Several of the Coptologists in Rome for the Congress, on seeing the photograph online and in some newspapers, expressed doubts about the authenticity of the papyrus (Emel, Funk, Suciu, Orlandi, Buzi and others), while reserving the possibility of formulating a more detailed opinion as soon as conditions permit study of the matter with a greater knowledge of the facts. They noted that both the character of the fragment, which makes it difficult to recognize what type of manuscript it comes from (a literary codex? An amulet?), and the characteristics of the writing which differ from the majority of known fourth-century examples and from a vast number of later models; some have even hypothesized that the Coptic characters on the fragment are an inept forgery of Coptic produced by printing.
If on the one hand the peculiarity of the object does not necessarily mean that it is a fake (new discoveries often do not fit into known typologies); on the other, it is the task of the scientific community to assess whether its originality derives from a modern or an ancient hand: in other words, it is necessary to take into account the specific nature of this writing, which appears to be very different from the known examples, such as, for example the codices of Nag Hammadi, and also rather different from the codices mentioned by the academic by way of comparison.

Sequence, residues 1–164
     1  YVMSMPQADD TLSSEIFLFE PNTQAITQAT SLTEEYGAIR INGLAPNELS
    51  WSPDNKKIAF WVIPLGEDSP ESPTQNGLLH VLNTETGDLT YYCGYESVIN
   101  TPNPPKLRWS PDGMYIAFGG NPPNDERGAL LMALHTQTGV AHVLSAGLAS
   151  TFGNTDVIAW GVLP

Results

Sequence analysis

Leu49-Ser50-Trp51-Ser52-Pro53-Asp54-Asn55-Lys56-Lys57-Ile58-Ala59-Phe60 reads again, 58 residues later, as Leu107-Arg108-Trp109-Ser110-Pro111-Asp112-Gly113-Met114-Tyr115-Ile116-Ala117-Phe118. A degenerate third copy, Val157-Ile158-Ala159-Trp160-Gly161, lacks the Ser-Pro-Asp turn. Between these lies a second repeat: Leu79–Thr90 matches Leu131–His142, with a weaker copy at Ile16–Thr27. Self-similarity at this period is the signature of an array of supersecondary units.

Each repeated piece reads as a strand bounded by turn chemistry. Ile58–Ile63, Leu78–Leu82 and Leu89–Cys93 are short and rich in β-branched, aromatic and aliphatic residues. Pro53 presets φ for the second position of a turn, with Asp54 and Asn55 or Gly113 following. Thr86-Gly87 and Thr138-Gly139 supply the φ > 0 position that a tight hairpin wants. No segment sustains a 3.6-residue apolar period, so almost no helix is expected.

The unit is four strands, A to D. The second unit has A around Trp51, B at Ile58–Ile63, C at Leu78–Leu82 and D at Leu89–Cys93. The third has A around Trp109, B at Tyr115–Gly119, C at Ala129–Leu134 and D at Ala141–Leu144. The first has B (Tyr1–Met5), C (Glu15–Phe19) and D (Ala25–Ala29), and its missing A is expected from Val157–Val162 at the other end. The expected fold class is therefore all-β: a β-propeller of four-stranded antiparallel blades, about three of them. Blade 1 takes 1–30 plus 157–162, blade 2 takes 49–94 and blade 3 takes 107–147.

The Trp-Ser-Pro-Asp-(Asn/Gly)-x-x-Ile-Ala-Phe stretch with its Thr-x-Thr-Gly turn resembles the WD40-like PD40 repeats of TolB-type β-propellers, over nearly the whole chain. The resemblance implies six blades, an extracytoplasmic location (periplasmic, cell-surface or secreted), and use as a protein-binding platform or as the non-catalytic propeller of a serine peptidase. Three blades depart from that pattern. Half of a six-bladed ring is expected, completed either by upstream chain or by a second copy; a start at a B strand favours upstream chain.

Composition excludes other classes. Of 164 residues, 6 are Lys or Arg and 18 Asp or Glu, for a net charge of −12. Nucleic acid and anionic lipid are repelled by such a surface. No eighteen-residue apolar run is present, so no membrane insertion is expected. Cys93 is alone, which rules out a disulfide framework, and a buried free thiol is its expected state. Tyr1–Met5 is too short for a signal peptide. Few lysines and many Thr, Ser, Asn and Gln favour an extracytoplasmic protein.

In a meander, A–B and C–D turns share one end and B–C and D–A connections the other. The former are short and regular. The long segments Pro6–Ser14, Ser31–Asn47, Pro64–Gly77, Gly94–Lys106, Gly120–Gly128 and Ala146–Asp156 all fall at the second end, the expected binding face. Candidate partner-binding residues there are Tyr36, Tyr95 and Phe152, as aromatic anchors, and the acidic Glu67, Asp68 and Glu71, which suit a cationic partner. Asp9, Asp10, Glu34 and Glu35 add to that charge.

This might guide research in two different directions that would obviously influence the opinion that must be expressed on the text: that is, either the manuscript is a modern forgery, hence there would be no sense in undertaking any further research; or it was written in circles that did not wish to transmit a literary text but rather a text for internal or private use, as would occur, for example, in the schools of the magi of late antiquity. These latter might have used known texts, especially Gnostic, to create a new, and in their eyes, particularly effective form of writing, just as other colleagues of theirs created texts by reassembling verses of the Gospels. If this were so, the fragment would be of far less importance.